Tuesday, October 19, 2004

Exhuming Macarthy (again); rogue neighbours and the US election outcome

The US election is open to all manner of capricious intervention, but the view from Europe suggests Kerry is now in a very strong position. Funnily enough, I suspect the coverage of 'key states' may be concentrating on the wrong ones. Much has been made of the possible influence of new voters, particularly those who have registered but cannot be polled as they do not have or do not answer landlines. The consensus is that Bush needs a slight lead in states like Florida to soak up this unpolled, supposedly Democrat vote. In my view, these marginal states are as close as they look and will be a fairly fair split. To win one party needs to spring a surprise somewhere. How about Bush in Pennsylvania? Worth (I think) 21 college votes, and polled as being marginaly Democrat, it strikes me as one of the few states where the previously unmobilsed vote may spring a surprise by voting Democrat. Here, perhaps, the approach to public spending proposed by Bush (highly centralised education budgeting etc) may seem both more stable and less "nannying" than the impression given by the Kerry spending plan. To win either side needs to control some "swing" states like Iowa, but ultimately a surprise elsewhere could be decisive...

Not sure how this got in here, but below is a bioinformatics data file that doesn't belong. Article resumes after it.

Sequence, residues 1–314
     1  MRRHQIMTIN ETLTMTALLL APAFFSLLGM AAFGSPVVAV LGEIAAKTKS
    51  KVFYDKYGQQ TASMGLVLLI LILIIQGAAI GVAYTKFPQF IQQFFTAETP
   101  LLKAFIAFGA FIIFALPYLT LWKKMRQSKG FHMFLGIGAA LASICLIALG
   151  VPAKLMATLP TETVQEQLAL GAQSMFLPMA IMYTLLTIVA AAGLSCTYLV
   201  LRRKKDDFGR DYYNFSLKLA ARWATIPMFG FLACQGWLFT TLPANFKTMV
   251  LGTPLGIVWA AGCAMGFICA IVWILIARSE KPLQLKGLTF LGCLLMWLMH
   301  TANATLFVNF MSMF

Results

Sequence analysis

The disappearance of an anti Daily Mail rant was caused by a naughty neighbour divulging his darkest desires in the comments section. They're not all locked up yet...

As we smirk at Putin outlawing swearing <http://www.inebriantia.org/2003/10/russia_makes_sw.html>, perhaps of real concern should be his reversal of the burden of proof for terrorist trials (for an endearingly bonkers Christian critique of such ideas: http://www.biblebelievers.org.au/nl130.htm). Not intending to bang on about his constitutional changes (lets worry about Blair first http://www.deadbrain.co.uk/news/article_2003_06_18_0358.php for a spoofy version) it is worth thinking about how the US will react to Putin's retreat into isolationism. The nation is simply too big for the US not to worry about, and positioned, as it is near countries more barmy than Afganistan - have a look at Turkmenistan among others - it is likely to be of economic as well as anti-terrorist interest. American interests in central asia makes for interesting reading. http://commdocs.house.gov/committees/intlrel/hfa48119.000/hfa48119_0f.htm. Meanwhile, we have a Labour-Republican alliance, the Tories want the Democrats to win, and not even the Tories can make a coherent statement of a smaller govenment ideal. Should a referendum on Europe ever come, the UK will stick 2 fingers up at the EU, whose borders are about to be closer to Russia than we are used to. The map of international alliance is being redrawn in the most dramatic way since 1989. It is impossible to believe tensions will not result, and the question is: who will be the new "reds under the bed"? While we are shoulder to shoulder with the US of A, this is a question that matters quite a lot.


At 3:55 PM, Anonymous Anonymous said...

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